Photo of a yellow Chinese lion head

You know my cool room how big—is only small. The first day, the second day, the third day, one time send only one pallet. So when the stock coming on Thursday I forgot—I ring you and say I can’t [do this interview]! You see, Thursdays and Fridays.  It depends, sometimes morning, they come have a look, ‘Is it open?’ They want to come in, and they ring me to say, ‘I’m coming!’ We don’t know you see. At night time when we’re shut we can’t open for them, we’ve gone home already!

I got a few more order but I do later, it’s okay. But a few days before—busy. I try to organise stock and send to customer behind one hour ago for customer, because we know we going Friday [for a holiday] and next week we got to tell customer you got the order. Whatever we got one week we got more, more, more. I’m really tired! I just sit there, ring up the customer, ring up and take order. Some people they come—I show you—one day about forty calls!

Yeah [I start work at] six, seven. Because there are a lot of order. I got more because they don’t come in one day. Today some, tomorrow some, and Thursday some. Friday we’re not going, still send on Friday, but sometimes too busy ‘cause we got Saturday as well. I enjoy it. But I wish I’m healthy, you know? Healthy. Sometimes my legs are, ‘Ooh! Don’t keep me so long!’ You know? Working too long hours.

Nga moved from Vietnam to Australia forty years ago, where she eventually opened up her own shop.

Have a guess. 1979. About forty years. Yes, my brother, sister [are here]. My brother, he open the lucky shop (Lucky Import & Export) on the other side—have you been there? Before when I come, I work there! Lucky. You know on Brisbane Street? And then after that, I work there before. I just do my business before. Same shop, but I moved here six, seven years, so more than ten years.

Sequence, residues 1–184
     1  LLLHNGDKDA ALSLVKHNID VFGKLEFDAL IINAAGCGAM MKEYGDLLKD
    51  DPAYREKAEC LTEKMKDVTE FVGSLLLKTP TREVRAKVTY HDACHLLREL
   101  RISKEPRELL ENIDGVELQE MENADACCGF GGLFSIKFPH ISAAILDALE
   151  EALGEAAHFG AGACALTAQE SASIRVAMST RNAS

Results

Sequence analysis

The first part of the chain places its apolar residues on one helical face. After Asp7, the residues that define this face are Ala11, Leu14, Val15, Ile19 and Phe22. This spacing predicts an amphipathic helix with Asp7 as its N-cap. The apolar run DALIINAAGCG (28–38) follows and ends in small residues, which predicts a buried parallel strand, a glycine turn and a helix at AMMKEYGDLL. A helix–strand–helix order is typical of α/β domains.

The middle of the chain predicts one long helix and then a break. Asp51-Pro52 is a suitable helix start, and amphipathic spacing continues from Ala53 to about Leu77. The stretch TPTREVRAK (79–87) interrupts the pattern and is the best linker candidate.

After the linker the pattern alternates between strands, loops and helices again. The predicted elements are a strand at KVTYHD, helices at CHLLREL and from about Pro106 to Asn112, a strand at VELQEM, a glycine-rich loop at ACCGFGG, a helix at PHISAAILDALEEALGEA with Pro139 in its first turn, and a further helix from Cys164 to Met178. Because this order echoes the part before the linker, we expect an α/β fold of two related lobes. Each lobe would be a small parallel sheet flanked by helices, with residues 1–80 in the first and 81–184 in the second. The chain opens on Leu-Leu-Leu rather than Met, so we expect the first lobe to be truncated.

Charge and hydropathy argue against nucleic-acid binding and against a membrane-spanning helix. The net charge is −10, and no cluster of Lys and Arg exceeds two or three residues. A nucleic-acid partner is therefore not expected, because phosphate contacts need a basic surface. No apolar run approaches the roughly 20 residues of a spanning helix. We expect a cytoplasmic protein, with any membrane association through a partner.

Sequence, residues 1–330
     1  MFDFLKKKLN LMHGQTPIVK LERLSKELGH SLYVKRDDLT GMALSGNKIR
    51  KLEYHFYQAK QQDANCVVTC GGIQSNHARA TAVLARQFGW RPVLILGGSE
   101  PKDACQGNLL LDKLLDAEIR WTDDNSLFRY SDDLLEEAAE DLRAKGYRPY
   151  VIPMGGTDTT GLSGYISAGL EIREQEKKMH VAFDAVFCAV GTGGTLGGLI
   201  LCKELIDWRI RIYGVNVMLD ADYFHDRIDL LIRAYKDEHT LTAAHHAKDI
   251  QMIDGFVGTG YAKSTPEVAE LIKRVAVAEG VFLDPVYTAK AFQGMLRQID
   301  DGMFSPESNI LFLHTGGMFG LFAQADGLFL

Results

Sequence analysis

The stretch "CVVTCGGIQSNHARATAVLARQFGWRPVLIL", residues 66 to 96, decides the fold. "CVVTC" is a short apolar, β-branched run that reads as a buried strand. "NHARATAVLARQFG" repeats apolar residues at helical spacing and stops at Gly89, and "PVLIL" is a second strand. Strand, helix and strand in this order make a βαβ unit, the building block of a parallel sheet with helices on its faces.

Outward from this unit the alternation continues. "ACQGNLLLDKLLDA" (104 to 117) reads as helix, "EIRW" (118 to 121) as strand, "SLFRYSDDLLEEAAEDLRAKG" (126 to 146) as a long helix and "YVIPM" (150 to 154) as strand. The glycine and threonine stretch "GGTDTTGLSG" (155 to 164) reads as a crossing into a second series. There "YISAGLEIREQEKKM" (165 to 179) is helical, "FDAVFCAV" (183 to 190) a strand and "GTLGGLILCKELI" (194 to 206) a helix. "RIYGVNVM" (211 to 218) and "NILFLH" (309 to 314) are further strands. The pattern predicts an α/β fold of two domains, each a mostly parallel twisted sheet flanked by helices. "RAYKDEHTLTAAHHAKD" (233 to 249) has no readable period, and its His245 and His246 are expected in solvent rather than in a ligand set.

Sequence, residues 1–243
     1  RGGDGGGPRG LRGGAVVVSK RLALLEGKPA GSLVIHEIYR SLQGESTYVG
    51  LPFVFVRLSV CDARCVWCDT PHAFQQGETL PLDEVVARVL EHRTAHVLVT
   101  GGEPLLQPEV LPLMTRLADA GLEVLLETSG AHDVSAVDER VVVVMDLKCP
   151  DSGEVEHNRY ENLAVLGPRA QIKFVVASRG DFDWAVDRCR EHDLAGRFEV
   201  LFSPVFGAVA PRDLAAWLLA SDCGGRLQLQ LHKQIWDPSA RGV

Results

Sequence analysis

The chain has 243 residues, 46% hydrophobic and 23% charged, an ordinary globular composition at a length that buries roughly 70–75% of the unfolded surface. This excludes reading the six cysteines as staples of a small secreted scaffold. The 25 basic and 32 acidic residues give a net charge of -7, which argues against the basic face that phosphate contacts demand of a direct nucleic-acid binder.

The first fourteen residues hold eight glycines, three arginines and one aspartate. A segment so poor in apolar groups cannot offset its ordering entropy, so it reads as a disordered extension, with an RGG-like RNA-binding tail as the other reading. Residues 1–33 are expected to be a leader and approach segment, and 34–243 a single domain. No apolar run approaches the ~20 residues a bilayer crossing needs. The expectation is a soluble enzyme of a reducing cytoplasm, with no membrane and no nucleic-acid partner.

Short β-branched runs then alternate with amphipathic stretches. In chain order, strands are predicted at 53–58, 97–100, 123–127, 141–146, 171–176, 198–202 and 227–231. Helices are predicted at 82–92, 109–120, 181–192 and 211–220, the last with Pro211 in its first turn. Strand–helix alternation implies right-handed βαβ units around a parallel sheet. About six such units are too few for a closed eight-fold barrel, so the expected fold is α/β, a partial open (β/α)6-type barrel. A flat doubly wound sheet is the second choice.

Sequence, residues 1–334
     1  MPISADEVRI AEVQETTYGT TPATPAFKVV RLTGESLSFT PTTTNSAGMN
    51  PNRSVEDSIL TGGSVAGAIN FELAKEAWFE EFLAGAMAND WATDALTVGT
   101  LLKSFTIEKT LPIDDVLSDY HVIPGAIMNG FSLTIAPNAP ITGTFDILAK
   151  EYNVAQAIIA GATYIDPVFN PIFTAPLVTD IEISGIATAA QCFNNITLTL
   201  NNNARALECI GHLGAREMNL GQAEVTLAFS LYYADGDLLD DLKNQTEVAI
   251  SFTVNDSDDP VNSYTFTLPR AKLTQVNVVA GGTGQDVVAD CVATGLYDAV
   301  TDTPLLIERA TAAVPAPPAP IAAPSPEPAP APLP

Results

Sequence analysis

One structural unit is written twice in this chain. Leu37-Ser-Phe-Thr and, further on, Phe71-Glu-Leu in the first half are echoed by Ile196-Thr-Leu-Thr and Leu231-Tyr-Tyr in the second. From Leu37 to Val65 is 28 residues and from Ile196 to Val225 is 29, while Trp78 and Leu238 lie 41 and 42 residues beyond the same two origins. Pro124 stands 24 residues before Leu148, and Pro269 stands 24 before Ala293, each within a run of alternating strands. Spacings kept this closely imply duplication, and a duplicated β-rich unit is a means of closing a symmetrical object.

I been [back] fifteen, eighteen years ago. I’ve been to Vietnam a couple of times. But now, I not go. Too busy. But I will! Yes, all my family [are here in Perth]. My parent come here but they die about ten, fifteen years ago so all here, but my father passed away about fifteen years and my mum about ten years ago. So I still got aunty, cousins, something.

Hallway of Golden Gates shop with scenery painted scrolls lining the walls

Photo of large Chinese New Year drum

Nga met her husband when she moved to Perth, and they have been married for twenty years. As well as enjoying running their business together, they also love travelling, especially around Australia.

Oh yeah, [I met my husband] in here! When I work in Lucky, he work for a seafood company and he come do the sale. Yeah, he cheeky-cheeky, so we fall in love. [We’ve been married] about twenty years. Eighteen, twenty years.

[On Friday we’re going] for holiday. We’ve been to Melbourne, Sydney, Adelaide, not Gold Coast. But this time we’re going to Gold Coast and then we go to Brisbane, because they’re close. Maybe we go by taxi or plane, or something, I still don’t know! When we get there, we ask them. Go Thursday night come back next Thursday—only one week.

I like the food in Singapore too. Singapore, Vietnam—but not in China, I don’t like the food in China. China food I can’t eat you know. And Japanese food, but I haven’t been to Japan. Sushi, sometimes I can’t eat! But my husband like—sometimes we just go and he say, ‘You want Japanese?’ and I say, ‘Ah, no, no, no—you go!’ I show you [shows wedding photo]—my wedding. So slim isn’t it? More slim than this one. Now I’m getting old! You know my husband he sometimes unloading and he’s tired now, ask some other help, you know? He say, ‘How long do you want me to do for?’ But I said, ‘I never give up the shop! I never give up the shop!’

Photo of lanterns in Golden Gates shop, with a head mask displayed on top

Miscellaneous Chinese New Year paraphernalia

 Copyright © 2019 Trần Thị Nga

This story and corresponding images have been licensed to the Centre for Stories by the Storyteller. For reproduction and distribution of this story/image please contact the Centre for Stories.